The Turkey-NATO survey team must take into consideration several factors while deciding on the site of deployment. These factors include proximity to the origin of the threat, given that Patriots are designed to intercept missiles within a 50-80 kilometer range; convenient topography, as mountainous terrain will hinder the functioning of the radar system; and sufficient distance from power lines and facilities that create electromagnetic fields, which can disrupt transmissions between the missile batteries and the command center.
Three provinces, Şanlıurfa, Hatay and Gaziantep, appear to meet these technical criteria. But non-technical factors are also expected to shape the final decision on the deployment sites, expected within the next few days. Turkish and NATO officials are also expected to take into consideration potential provocations from the Bashar al-Assad regime in response to the deployment of the defense system and the Kurdish factor in Turkey's southern provinces while surveying possible sites for the deployment of the missiles.
These considerations in play, the missile system will unlikely be installed in Hatay, half of whose population is of the same sect as Syria's Assad. Diyarbakır, where a majority of residents are Kurds, is also off the list.
Security sources say that if the Patriot missiles were constructed in these provinces, it is highly likely that spies of the Syrian regime would agitate locals in the provinces against Turkey and the presence of NATO in the region. Thus, among the possible sites for the Patriot missiles, Gaziantep and Şanlıurfa appear ideal for the deployment of the surface-to-air missiles, the same sources stated.
In another development, NATO's Airborne Warning and Control Systems (AWACS) aircraft, which detect ballistic missiles and aircraft movement, may also be required in Turkey for the proper functioning of the Patriot missile system. NATO's decision whether to deliver AWACS aircraft to Turkey hinges on the findings of the delegation sent to inspect sites along the border. A Western military official, however, has told Today's Zaman that Turkey already has very capable radar systems.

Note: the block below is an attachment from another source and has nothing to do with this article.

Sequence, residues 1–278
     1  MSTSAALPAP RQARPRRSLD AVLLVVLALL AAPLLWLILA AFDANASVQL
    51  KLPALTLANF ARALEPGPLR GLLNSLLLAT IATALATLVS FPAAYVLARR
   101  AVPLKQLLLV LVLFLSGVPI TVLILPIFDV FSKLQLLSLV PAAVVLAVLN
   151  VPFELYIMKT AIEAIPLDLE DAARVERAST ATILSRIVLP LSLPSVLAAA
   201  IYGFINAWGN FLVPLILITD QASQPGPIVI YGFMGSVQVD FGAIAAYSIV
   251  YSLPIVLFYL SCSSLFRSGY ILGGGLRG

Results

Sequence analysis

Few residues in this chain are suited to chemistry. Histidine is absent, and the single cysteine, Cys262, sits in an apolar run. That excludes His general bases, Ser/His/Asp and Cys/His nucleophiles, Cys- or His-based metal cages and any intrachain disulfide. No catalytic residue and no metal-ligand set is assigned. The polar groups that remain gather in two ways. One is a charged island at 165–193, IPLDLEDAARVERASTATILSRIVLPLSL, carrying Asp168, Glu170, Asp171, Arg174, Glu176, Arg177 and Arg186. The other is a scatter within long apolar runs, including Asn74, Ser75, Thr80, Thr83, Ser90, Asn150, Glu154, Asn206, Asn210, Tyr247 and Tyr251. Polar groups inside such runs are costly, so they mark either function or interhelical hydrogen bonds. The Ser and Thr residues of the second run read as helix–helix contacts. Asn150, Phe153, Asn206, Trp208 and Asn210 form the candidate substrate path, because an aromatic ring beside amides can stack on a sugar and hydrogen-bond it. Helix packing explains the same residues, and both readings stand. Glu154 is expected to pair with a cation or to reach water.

Rasmussen says Patriot missiles in Turkey will be under NATO command
The delivery of the Patriot missiles to Turkey is expected in mid to late December. Speaking in an interview on Tuesday, NATO Secretary-General Anders Fogh Rasmussen said the NATO decision endorsing the deployment of missiles will be made in the coming days. Approval by the parliaments of member countries are required for the organization to send the missiles. The missile system's transport, expected to be by sea, will also take time.
Rasmussen also announced that the missiles will remain under NATO control. The missiles will be installed by NATO allies and will be under the command of the alliance, said Rasmussen.
Turkish Defense Minister İsmet Yılmaz had earlier said that NATO's Air Command Control System (ACCS) will head the command center for the missile system, adding that Turkish officials are included in the ACCS's ranks. Hüseyin Çelik, deputy chairman of the ruling Justice and Development Party (AK Party), said in a recent press briefing that “Turkey will be holding the trigger.”
Rasmussen added that the alliance will not hesitate to take “further steps” to ensure Turkey's security and that the group will make their formal decision on Turkey's request for Patriot missiles “within days.”
Commenting on Russia's concern over the deployment of the Patriot missiles, Rasmussen said Moscow's anxiety is not based on legitimate concerns.
Russia said openly last Thursday that it opposes the deployment of NATO Patriot missiles on Turkey's border with Syria, a sign of deepening tensions across the region over the Syrian crisis.
Asked about the financing of the missiles, Rasmussen said countries providing the missiles will take on the financial burden, although the host country will also contribute to the costs. Germany, the Netherlands and the United States are the only three NATO allies with appropriate Patriot surface-to-air missile systems available.
The Patriot missiles deployed to Turkey during the Gulf Wars were provided by the Netherlands.
Ankara twice this year has invoked Article 4 of the NATO charter, which provides for consultations when a member state feels that its territorial integrity, political independence or security is under threat.
But some experts noted that deploying Patriots to Turkey is partly symbolic, aimed at showing that NATO is behind Turkey.
Manufacturer Raytheon says Patriot missiles provide "a reliable and lethal capability to defeat advanced threats, including aircraft, tactical ballistic missiles, cruise missiles and UAVs [drones].”